Saturday, November 14

Philip Dawdy - Independent Journalism Award

Hella Heaven Independent Journalism Award for Philip Dawdy at Furious Seasons. You don't know about Philip Dawdy's work because he does not work for the mainstream media anymore. He is doing the job that is not being done by journalists of the newspapers and other medias, those who were supposed to report the real facts, give people the knowledge to make choices and base their opinions. The field that he is concentrated at his blog Furious Seasons is of everybody's concern: mental health. No, no, no... I am not only about those who are in hospices and we have no idea what is happening there. I am also talking about the sedatives, antidepressants and other drugs that are being prescribed to many people who are only sad because of daily life stress and normal problems. This is how Philip Dawdy describe his work:
I believe in accountability and an honest exchange of ideas. I'm doing this because I am a reporter who's come to find the print form that has sustained me for the last decade is too restrictive in light of the Internet. That's a complicated point and I will make it elsewhere. For the last several years, I have been reporting extensively on mental health issues, locally and nationally, primarily at Seattle Weekly, where I was a staff writer until November 2006. In that time, I have interviewed patients living on the streets, in homeless shelters and in state mental hospitals, as well as patients leading more ordinary lives. I have interviewed researchers and doctors great and small. Adding together my formal reporting work and more informal encounters with patients going back to 1989, I have interviewed hundreds of people with mental illness. I point that out because it has led me to certain conclusions, some reasoned and some more emotional. But, ultimately, my conclusions still add up to one man's attempt to make sense of mental illness in America. Please read this blog in that light. As far as fancy stuff like journalism awards go, I won awards from the National Mental Health Association for my newspaper reporting in 2005 and 2006, and have won a half-dozen local and regional awards from the Society of Professional Journalists for my reporting on mental illness. In addition, I have won a national award for food writing, and 14 other SPJ awards for government reporting, investigative reporting, science reporting, feature writing and religion reporting.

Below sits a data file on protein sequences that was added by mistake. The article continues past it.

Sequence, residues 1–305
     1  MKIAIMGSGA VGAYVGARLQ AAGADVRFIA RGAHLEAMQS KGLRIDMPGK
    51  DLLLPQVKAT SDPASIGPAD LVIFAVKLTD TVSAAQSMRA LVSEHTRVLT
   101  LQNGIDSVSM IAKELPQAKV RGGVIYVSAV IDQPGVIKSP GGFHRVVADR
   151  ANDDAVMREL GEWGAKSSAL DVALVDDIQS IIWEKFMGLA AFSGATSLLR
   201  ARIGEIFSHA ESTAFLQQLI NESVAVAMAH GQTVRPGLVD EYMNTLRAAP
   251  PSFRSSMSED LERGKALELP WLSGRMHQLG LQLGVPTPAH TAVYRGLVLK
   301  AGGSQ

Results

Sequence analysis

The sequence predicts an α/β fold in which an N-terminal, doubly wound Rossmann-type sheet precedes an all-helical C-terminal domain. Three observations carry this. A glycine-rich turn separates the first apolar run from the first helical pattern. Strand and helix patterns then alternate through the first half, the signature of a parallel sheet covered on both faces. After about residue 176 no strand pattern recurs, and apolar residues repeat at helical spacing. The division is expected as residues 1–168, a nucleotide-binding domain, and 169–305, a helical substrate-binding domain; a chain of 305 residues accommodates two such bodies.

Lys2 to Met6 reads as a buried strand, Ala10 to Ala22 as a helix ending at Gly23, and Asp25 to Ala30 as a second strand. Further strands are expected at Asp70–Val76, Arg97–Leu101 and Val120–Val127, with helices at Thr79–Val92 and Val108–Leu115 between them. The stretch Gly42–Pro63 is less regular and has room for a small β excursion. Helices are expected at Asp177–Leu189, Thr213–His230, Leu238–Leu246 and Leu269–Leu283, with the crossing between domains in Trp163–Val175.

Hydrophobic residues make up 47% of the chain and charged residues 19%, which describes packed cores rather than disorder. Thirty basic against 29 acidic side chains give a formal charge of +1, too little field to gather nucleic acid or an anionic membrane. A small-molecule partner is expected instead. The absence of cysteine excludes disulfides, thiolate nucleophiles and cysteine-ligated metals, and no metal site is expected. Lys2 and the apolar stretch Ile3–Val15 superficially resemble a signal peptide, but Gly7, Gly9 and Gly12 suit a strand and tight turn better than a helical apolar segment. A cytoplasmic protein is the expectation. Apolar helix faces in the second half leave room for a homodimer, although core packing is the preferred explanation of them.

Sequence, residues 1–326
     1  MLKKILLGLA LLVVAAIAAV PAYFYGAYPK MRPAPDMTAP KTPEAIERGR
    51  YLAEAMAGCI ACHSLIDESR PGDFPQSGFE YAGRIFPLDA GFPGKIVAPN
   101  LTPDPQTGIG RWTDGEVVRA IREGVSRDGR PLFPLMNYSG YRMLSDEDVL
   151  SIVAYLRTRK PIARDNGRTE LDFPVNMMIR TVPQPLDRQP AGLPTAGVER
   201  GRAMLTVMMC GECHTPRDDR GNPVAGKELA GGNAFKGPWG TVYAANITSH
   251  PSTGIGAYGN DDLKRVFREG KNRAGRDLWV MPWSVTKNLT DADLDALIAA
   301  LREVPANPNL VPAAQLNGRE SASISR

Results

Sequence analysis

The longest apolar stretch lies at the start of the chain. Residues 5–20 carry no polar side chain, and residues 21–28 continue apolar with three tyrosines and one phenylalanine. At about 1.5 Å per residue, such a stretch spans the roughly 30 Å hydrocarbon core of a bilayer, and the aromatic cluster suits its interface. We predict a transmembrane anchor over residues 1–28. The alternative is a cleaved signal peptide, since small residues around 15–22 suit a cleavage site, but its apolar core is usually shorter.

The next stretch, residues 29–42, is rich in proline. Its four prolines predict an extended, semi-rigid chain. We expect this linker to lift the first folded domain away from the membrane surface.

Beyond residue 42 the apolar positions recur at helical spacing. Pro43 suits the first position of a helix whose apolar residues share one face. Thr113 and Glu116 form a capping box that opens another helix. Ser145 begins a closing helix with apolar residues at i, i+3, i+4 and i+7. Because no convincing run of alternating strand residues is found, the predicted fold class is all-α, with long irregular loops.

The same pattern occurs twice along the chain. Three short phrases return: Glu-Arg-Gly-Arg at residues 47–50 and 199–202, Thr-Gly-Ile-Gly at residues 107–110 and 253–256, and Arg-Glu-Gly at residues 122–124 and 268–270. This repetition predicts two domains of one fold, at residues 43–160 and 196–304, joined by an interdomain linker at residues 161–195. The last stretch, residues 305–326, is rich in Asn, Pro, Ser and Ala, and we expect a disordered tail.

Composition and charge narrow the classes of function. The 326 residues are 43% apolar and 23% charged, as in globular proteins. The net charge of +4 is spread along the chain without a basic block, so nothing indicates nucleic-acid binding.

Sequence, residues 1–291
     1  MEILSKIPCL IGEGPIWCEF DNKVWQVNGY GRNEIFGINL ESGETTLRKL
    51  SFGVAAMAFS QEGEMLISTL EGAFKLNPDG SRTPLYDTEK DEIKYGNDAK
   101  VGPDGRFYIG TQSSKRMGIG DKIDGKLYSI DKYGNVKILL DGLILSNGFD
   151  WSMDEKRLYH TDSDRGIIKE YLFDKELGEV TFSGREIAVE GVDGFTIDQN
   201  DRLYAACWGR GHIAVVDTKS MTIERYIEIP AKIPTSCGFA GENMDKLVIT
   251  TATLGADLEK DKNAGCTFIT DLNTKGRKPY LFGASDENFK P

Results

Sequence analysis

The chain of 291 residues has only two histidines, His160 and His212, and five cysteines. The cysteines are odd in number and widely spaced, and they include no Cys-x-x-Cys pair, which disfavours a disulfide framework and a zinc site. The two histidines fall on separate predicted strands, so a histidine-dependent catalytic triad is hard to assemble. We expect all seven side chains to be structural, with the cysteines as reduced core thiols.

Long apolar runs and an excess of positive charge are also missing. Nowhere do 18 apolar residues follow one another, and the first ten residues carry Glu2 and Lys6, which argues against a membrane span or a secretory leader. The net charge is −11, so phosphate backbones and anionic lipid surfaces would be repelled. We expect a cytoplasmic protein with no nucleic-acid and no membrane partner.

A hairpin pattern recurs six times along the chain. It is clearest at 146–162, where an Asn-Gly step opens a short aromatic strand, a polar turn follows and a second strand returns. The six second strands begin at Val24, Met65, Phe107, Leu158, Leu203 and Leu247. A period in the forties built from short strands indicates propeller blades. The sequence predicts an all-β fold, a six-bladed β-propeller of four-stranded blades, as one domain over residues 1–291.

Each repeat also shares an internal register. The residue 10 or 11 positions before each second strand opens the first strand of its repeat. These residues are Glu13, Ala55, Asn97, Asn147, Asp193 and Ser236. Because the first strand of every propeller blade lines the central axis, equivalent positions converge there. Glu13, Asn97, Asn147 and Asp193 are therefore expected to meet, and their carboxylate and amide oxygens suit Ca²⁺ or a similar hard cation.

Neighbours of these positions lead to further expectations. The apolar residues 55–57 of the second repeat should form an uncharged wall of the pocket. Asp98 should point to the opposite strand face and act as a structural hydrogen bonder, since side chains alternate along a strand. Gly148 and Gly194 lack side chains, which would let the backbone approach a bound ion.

You can read the whole test here. I could write many things about Philip Dawdy, how dignified, ethical and what an amazing person he is but I prefer that you take a look at his blog, a blog that inspired many people to start their own blog to tell their stories or to advocate for the disclosure of the harms of psych-drugs. It is to much harm but it generates money. our health was traded for profits that is what medicine is all about nowadays. Thank you Philip Dawdy

 PS: I am quoting Philip Dawdy:

"Yesterday afternoon, I got my second job reject of the day, this one for a policy analyst position with the Washington State Senate Democratic Caucus. Hell, they aren't even going to interview me. It's like this website has made me toxic when it comes to employment." (emphasis mine) I am sure that they are jealous and surely ashamed of the journalism they are doing. I prefer toxic than unethical and harmful to the public.


susan said...

There is an old line "A Good Man is hard to find".

Philip Dawdy is a good man, and good men- well, either as journalists, writers, or human beings just aren't out there in great force.

It makes me happy that my old field has such men of integrity in it still, they didn't all die out after the 70s.

Love you Ana. Thank you for thinking of this award, and honoring such a man as the first recipient.

Radagast said...

I think that aside from providing a largely even-handed, alternative perspective on a subject matter that others will not touch out of fear (with good reason: the interests represented by the current mental health paradigm, principally psychiatry and psychopharmacology, neither of which "work" in any real sense, are regarded as powerful and aggressive), Philip's blog is important in that it provides a lightning rod for those who have experienced the aforementioned paradigm, firsthand. When one realizes that one's own story bears a striking resemblance to others, one feels less isolated.

Indeed, allowing others to realize that a "cure," to the extent that they need curing, is in their own hands, is very important, I think. I see mental illness as a conflict of ideas, in a sense. The "mentally ill" merely need to perceive their own ideas as being as valuable as anybody else's - but having a forum to do that appears to be the toughest part.



Top journalist.

Top Man.

Nuff said


Anonymous said...

As Bob said ^

Good bloke. Good thinker. Highly under-appreciated, dedicated activist.

Ana said...

Thank you Susan, Matt, Bob and Catatonickid for understanding this crazy award.

Mark p.s.2 said...

Online recently there was a story of how the million dollar USA football league was refusing to pay brain injured players (for the cost to the profits). People disclosing information were afraid of the power and influence of the football league.

Compare that to the BILLION's the drug companies are making, and the power that comes with it.

Great award Ana !

Ana said...

This is the least I can do Mark.

stephany said...

Yes Philip is an extraordinary journalist for sure!

Ana said...



Marj aka Thriver said...

Warriors, both of you. Soldier on!

Ana said...

YOU too MarJ!
We are the Army.
They will respect us in the future.
In the future, but they will, they cannot avoid it.
Time works in mysterious ways.